A teen driving without the necessary paperwork or at hours or under conditions that violate state law may face penalties, including fines. In California, if the teen commits a negligent or wrongful act while driving and causes damages, a parent or guardian may be held liable for the damage the teen caused. The steps for a teen to get licensed varies by state.
Florida Graduated Licensing
For example, Florida has three steps: a learner’s permit, a provisional license and an unrestricted license. At age 15, a teen is eligible for a learner’s permit. A permit holder may only drive during the day with a licensed driver 21 years or older. After three months of holding a learner’s permit, the teen may drive until 10 p.m. A permit holder must accumulate at least 50 hours of parental or guardian certified driving. Ten of these hours must be at night.
In Florida, at age 16, a driver who has held a learner’s permit for at least 12 months without a traffic violation conviction can qualify for an intermediate license. An intermediate license holder who is age 16 cannot drive unsupervised between 11 p.m. and 6 a.m. When the intermediate license holder turns 17, they may not drive unsupervised between 1 a.m. and 5 a.m. At age 18, a teen is eligible for an unrestricted license.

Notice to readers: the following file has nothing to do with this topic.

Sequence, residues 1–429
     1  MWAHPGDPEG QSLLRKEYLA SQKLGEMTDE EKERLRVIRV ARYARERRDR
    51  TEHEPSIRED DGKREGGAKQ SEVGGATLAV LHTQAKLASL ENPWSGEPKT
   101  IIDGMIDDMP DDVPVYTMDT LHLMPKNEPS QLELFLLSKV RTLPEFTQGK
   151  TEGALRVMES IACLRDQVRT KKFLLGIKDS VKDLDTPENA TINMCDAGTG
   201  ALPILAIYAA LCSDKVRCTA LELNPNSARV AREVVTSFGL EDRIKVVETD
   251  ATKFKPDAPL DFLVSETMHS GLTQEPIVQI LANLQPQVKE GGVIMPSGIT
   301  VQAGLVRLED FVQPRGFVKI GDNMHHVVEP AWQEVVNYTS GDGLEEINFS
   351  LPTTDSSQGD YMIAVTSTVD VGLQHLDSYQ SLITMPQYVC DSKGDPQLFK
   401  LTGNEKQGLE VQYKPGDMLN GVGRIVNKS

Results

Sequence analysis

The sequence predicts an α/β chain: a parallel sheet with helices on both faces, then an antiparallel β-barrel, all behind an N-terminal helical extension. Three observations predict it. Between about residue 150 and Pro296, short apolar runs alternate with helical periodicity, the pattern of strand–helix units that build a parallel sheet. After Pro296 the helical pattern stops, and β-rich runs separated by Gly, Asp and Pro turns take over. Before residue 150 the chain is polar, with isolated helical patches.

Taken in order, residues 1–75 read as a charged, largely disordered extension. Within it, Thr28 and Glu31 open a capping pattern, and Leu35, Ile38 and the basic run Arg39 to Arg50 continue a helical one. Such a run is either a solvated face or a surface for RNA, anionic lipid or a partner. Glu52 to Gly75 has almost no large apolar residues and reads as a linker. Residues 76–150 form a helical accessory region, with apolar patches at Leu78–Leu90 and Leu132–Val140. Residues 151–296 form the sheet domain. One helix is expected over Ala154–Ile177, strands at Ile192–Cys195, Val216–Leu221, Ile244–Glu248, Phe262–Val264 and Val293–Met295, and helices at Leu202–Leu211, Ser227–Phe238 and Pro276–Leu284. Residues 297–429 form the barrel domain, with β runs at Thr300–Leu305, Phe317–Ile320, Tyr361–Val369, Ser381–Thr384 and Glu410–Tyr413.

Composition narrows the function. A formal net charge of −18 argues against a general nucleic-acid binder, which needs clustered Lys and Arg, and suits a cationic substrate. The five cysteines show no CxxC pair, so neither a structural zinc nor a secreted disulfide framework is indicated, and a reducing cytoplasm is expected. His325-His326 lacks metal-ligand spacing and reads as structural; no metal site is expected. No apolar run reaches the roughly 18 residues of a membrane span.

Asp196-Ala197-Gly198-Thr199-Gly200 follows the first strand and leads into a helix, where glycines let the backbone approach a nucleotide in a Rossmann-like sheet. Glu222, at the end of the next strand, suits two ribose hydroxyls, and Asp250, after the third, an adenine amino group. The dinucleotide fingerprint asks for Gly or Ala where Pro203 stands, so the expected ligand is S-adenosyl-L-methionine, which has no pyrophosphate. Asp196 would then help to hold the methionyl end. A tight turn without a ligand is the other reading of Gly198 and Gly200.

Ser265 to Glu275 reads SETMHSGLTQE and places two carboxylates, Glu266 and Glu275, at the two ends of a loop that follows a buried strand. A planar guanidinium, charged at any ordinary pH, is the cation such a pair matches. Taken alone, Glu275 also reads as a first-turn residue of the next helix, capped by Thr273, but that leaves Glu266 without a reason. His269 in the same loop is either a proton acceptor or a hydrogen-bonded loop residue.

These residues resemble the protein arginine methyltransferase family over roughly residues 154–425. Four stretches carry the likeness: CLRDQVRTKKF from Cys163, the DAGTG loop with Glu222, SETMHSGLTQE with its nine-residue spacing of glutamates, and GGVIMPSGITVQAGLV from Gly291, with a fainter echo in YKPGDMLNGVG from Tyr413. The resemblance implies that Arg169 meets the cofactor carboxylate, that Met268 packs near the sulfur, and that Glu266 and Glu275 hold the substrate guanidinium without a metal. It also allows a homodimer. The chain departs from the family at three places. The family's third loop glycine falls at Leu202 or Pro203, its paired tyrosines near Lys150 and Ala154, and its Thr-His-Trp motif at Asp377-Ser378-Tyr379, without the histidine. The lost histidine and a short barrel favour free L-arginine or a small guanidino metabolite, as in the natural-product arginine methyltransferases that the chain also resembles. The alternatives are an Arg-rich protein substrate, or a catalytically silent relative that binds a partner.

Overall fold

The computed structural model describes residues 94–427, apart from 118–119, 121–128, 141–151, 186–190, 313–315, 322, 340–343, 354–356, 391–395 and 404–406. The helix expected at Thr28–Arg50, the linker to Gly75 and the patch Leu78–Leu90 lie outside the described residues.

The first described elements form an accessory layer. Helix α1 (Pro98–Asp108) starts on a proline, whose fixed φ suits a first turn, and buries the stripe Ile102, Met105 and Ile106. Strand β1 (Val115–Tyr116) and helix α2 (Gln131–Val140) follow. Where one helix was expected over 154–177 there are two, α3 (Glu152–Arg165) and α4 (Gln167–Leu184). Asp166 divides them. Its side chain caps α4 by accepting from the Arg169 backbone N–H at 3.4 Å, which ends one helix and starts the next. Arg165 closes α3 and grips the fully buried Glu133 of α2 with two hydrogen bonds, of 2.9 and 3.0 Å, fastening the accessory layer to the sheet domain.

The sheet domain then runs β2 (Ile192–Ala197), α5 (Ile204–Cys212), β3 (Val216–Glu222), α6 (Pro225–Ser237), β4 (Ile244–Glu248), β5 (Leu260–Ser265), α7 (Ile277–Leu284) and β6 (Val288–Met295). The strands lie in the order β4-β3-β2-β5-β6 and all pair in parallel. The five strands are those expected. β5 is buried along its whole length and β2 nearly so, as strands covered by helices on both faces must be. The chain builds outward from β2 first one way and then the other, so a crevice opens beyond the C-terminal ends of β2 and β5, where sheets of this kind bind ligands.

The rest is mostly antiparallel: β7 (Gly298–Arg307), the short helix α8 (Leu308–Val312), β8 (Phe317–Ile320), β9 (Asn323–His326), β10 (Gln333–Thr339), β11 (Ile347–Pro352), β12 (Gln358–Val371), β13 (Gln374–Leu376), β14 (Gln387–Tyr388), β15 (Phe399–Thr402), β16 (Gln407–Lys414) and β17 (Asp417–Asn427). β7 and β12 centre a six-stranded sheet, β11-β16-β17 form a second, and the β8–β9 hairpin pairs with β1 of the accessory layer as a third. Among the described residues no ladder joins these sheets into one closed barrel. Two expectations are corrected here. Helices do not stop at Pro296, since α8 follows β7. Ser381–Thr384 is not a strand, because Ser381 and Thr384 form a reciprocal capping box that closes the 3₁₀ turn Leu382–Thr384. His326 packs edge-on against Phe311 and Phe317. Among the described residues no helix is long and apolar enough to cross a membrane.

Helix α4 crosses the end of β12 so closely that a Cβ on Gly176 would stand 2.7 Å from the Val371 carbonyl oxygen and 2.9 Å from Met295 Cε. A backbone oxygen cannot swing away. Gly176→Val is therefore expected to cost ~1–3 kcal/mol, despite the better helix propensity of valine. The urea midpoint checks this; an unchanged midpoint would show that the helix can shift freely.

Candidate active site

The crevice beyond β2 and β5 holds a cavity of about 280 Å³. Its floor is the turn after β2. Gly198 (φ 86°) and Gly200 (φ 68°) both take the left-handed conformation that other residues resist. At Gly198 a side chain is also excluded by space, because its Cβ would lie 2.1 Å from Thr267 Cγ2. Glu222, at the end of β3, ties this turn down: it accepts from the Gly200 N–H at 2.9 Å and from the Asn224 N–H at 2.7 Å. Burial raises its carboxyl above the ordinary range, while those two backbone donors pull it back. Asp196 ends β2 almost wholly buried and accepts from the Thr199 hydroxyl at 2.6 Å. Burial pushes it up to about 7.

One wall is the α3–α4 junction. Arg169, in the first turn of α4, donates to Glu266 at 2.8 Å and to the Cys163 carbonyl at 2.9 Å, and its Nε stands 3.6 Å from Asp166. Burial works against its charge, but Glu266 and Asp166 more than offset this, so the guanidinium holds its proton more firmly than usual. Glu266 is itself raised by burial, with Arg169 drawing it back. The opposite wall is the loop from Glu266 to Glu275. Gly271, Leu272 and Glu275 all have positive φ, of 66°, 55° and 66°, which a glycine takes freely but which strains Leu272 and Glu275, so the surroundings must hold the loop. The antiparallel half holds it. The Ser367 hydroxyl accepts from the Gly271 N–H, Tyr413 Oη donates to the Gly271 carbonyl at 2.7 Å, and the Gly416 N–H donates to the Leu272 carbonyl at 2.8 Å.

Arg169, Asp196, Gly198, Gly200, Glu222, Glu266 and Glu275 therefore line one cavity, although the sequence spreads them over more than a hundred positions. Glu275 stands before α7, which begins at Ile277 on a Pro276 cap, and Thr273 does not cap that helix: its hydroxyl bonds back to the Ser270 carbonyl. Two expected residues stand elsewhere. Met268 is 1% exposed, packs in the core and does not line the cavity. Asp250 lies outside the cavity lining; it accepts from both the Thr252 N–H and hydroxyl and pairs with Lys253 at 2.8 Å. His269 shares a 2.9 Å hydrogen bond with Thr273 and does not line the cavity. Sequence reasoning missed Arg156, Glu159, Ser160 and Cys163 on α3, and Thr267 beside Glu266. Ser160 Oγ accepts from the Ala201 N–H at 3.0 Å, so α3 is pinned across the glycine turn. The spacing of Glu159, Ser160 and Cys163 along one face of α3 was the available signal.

California Graduated Licensing
California allows minors to obtain a learner’s permit at age 15 ½. A teen may only drive when they are supervised by a parent, guardian or licensed driver at least 25 years old. A teen between 15 ½ and 17 ½ must be enrolled in or have passed a driver education course to be eligible for a learner’s permit.
A driver of 15 ½ must hold a learner’s permit for at least six months and accumulate at least 50 hours of parental or guardian certified driving experience. Ten of these hours must be at night. A teen must also complete six hours of professional driver training.
In California, at age 16, a driver can get an intermediate license. During their first year, a 16-year-old driver may not drive from 11 p.m. to 5 a.m. The driver may not transport any passengers under 20 unless they are supervised by a driver at least 25 years of age. At age 17, a driver is eligible for an unrestricted license. In Minnesota, a violation of the teen driving restrictions is a misdemeanor.
Additional Restrictions for Teens